Is thyssenkrupp (ETR:TKA) A Risky Investment?

Howard Marks put it nicely when he said that, rather than worrying about share price volatility, ‘The possibility of permanent loss is the risk I worry about… and every practical investor I know worries about. So it might be obvious that you need to consider debt, when you think about how risky any given stock is, because too much debt can sink a company. We note that thyssenkrupp AG (ETR:TKA) does have debt on its balance sheet. But should shareholders be worried about its use of debt?

When Is Debt Dangerous?

Debt and other liabilities become risky for a business when it cannot easily fulfill those obligations, either with free cash flow or by raising capital at an attractive price. In the worst case scenario, a company can go bankrupt if it cannot pay its creditors. However, a more common (but still painful) scenario is that it has to raise new equity capital at a low price, thus permanently diluting shareholders. Having said that, the most common situation is where a company manages its debt reasonably well – and to its own advantage. The first step when considering a company’s debt levels is to consider its cash and debt together.

See our latest analysis for thyssenkrupp

What Is thyssenkrupp’s Debt?

You can click the graphic below for the historical numbers, but it shows that as of March 2020 thyssenkrupp had €9.05b of debt, an increase on €7.66b, over one year. However, because it has a cash reserve of €2.30b, its net debt is less, at about €6.76b.

XTRA:TKA Historical Debt June 26th 2020
XTRA:TKA Historical Debt June 26th 2020

A Look At thyssenkrupp’s Liabilities

According to the last reported balance sheet, thyssenkrupp had liabilities of €20.9b due within 12 months, and liabilities of €13.9b due beyond 12 months. On the other hand, it had cash of €2.30b and €5.51b worth of receivables due within a year. So its liabilities total €27.0b more than the combination of its cash and short-term receivables.

This deficit casts a shadow over the €3.87b company, like a colossus towering over mere mortals. So we’d watch its balance sheet closely, without a doubt. At the end of the day, thyssenkrupp would probably need a major re-capitalization if its creditors were to demand repayment. There’s no doubt that we learn most about debt from the balance sheet. But ultimately the future profitability of the business will decide if thyssenkrupp can strengthen its balance sheet over time. So if you want to see what the professionals think, you might find this free report on analyst profit forecasts to be interesting.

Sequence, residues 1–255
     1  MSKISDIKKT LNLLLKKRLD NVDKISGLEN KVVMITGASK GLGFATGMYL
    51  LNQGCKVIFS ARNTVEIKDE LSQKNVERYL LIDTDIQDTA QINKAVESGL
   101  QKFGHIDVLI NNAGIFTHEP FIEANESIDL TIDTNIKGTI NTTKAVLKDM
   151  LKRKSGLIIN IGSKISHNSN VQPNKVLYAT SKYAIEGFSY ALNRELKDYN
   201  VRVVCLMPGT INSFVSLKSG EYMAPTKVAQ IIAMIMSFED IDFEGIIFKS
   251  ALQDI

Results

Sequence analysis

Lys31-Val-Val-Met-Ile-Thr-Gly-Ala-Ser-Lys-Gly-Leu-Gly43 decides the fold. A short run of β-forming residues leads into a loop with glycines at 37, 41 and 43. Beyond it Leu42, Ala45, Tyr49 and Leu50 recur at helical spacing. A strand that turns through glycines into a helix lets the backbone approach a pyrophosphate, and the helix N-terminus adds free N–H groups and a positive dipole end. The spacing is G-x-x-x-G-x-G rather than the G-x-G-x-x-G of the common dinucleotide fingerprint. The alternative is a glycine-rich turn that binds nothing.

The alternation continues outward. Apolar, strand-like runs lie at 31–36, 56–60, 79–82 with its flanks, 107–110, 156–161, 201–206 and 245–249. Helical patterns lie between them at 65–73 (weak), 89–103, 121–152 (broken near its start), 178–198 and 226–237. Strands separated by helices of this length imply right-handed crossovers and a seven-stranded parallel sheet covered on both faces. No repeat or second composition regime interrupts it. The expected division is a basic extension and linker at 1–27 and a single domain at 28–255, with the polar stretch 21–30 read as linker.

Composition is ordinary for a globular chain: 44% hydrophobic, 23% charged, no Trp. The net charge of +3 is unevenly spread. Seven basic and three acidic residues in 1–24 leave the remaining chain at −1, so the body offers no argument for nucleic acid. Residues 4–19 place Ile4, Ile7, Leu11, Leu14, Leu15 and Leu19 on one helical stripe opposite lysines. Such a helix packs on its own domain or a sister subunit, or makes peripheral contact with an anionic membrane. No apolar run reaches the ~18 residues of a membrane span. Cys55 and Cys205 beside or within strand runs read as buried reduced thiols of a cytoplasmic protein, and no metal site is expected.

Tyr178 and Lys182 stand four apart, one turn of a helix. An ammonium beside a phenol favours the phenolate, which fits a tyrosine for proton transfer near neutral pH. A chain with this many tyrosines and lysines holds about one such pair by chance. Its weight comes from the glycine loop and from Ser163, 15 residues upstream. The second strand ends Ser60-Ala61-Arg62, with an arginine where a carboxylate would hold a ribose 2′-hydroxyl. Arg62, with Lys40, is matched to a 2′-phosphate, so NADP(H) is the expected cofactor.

Over 12 months, thyssenkrupp reported revenue of €41b, which is a gain of 8.3%, although it did not report any earnings before interest and tax. That rate of growth is a bit slow for our taste, but it takes all types to make a world.

Caveat Emptor

Importantly, thyssenkrupp had negative earnings before interest and tax (EBIT), over the last year. Indeed, it lost a very considerable €685m at the EBIT level. Reflecting on this and the significant total liabilities, it’s hard to know what to say about the stock because of our intense dis-affinity for it. Sure, the company might have a nice story about how they are going on to a brighter future. But the reality is that it is low on liquid assets relative to liabilities, and it burned through €1.5b in the last year. So we consider this a high risk stock, and we’re worried its share price could sink faster than than a dingy with a great white shark attacking it. There’s no doubt that we learn most about debt from the balance sheet. But ultimately, every company can contain risks that exist outside of the balance sheet. Take risks, for example – thyssenkrupp has 2 warning signs (and 1 which is concerning) we think you should know about.

If you’re interested in investing in businesses that can grow profits without the burden of debt, then check out this free list of growing businesses that have net cash on the balance sheet.

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